All of this is a roundabout way of saying that the Don Draper we see from now on will not be the Don Draper we have seen for the last five years. The suicide of Lane Pryce, and the fact that it directly followed his dismissal by Don, isn’t something that will be fixed by Don’s normal strategy of forgetting it ever happened. This is Don’s most defining moment since he pulled those dog tags off the real Don Draper’s corpse, and considerably more impactful than the death of his half-brother, who he had long since cut out of his life.
It has nothing to do with whether Don deserves this. By any reasonable evaluation,  he doesn’t deserve any blame at all. He was entirely in the right in asking for Lane’s dismissal. And Lane had been in a downward spiral for quite some time without any interference from Don. But going forward that’s irrelevant, because the character of Don Draper is all about control. The ability to control his image, control his life trajectory, to gain as much control over his domain as he possibly can. And now he either needs to admit that he has no control over the world or that his actions, however inocuous, led to the death of a genuinely decent human being.
All that matters is that Don will now forever be haunted by the ghost of a sad, pitiable Englishman. And every episode of Mad Men will be haunted along with him.

The Old Don Draper Is Officially Gone

**Massive spoilers follow for last night’s episode of Mad Men**

In psychology there is a concept called the locus of control. The idea refers to one’s perception over their ability to influence their own fate. A person’s locus can lean toward the internal, meaning the person feels they have control over their own life, or external, meaning the person feels largely controlled by the world around them. Generally, it’s better to have an internal locus of control than an external one. But there are certain situations where that isn’t the case.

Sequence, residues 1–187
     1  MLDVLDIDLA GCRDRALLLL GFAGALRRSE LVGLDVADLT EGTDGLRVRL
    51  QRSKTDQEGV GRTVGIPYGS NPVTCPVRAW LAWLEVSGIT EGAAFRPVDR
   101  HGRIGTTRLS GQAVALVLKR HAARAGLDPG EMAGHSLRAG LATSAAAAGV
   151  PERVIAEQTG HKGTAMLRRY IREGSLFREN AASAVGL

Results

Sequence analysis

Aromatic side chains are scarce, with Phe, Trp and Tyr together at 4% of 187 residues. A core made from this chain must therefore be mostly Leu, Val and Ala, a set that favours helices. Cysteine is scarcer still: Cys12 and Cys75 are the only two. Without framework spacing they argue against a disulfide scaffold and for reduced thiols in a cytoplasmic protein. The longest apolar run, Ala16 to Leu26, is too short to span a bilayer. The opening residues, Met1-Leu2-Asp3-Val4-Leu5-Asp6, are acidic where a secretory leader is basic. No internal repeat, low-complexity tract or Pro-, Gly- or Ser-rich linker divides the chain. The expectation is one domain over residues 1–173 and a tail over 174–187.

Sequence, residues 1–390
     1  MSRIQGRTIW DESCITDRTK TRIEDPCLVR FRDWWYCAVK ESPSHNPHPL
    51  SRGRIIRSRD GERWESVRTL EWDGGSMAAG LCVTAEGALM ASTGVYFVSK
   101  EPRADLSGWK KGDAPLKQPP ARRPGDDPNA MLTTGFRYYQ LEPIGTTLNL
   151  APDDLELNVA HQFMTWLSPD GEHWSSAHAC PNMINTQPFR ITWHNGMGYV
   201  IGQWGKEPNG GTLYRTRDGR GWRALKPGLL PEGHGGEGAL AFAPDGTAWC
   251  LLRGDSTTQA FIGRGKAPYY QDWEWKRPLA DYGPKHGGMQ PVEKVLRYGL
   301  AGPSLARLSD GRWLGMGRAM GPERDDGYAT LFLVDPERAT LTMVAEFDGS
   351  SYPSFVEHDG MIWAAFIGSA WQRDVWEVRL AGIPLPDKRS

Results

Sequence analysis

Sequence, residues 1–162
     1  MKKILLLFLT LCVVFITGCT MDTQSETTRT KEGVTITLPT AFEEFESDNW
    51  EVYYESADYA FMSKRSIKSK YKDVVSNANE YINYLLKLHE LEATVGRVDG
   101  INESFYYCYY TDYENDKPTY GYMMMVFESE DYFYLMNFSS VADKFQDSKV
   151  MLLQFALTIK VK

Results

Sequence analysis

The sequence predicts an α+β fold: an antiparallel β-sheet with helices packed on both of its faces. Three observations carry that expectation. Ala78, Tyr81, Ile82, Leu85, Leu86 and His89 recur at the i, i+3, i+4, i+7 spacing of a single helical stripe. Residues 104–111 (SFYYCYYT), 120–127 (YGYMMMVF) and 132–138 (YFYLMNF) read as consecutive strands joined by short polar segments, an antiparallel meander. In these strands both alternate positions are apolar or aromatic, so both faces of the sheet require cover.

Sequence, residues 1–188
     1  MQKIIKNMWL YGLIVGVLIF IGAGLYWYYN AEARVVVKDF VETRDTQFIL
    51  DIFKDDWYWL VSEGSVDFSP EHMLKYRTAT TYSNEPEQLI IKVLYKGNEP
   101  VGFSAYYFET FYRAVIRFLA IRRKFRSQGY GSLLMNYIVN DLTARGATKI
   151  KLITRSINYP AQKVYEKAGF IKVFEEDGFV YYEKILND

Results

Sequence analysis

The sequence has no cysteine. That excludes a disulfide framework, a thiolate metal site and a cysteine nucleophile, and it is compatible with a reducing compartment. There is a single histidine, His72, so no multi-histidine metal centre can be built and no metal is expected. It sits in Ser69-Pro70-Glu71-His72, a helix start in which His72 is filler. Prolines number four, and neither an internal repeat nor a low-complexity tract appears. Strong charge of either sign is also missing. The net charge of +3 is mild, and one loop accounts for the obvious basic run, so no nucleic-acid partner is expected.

Chief among those situations is when somebody does something terrible in reaction to your words. It doesn’t matter if those words were completely justified. It doesn’t matter if the person brought the repercussions upon themselves. It doesn’t even matter if the incident would have happened even without intervention. Just knowing that you were involved, knowing that somewhere in that web of awful, fucked up misery there is a string with your name on it is enough to generate the kind of guilt that irreparably degrades your soul.

All of this is a roundabout way of saying that the Don Draper we see from now on will not be the Don Draper we have seen for the last five years. The suicide of Lane Pryce, and the fact that it directly followed his dismissal by Don, isn’t something that will be fixed by Don’s normal strategy of forgetting it ever happened. This is Don’s most defining moment since he pulled those dog tags off the real Don Draper’s corpse, and considerably more impactful than the death of his half-brother, who he had long since cut out of his life.

It has nothing to do with whether Don deserves this. By any reasonable evaluation,  he doesn’t deserve any blame at all. He was entirely in the right in asking for Lane’s dismissal. And Lane had been in a downward spiral for quite some time without any interference from Don. But going forward that’s irrelevant, because the character of Don Draper is all about control. The ability to control his image, control his life trajectory, to gain as much control over his domain as he possibly can. And now he either needs to admit that he has no control over the world or that his actions, however inocuous, led to the death of a genuinely decent human being.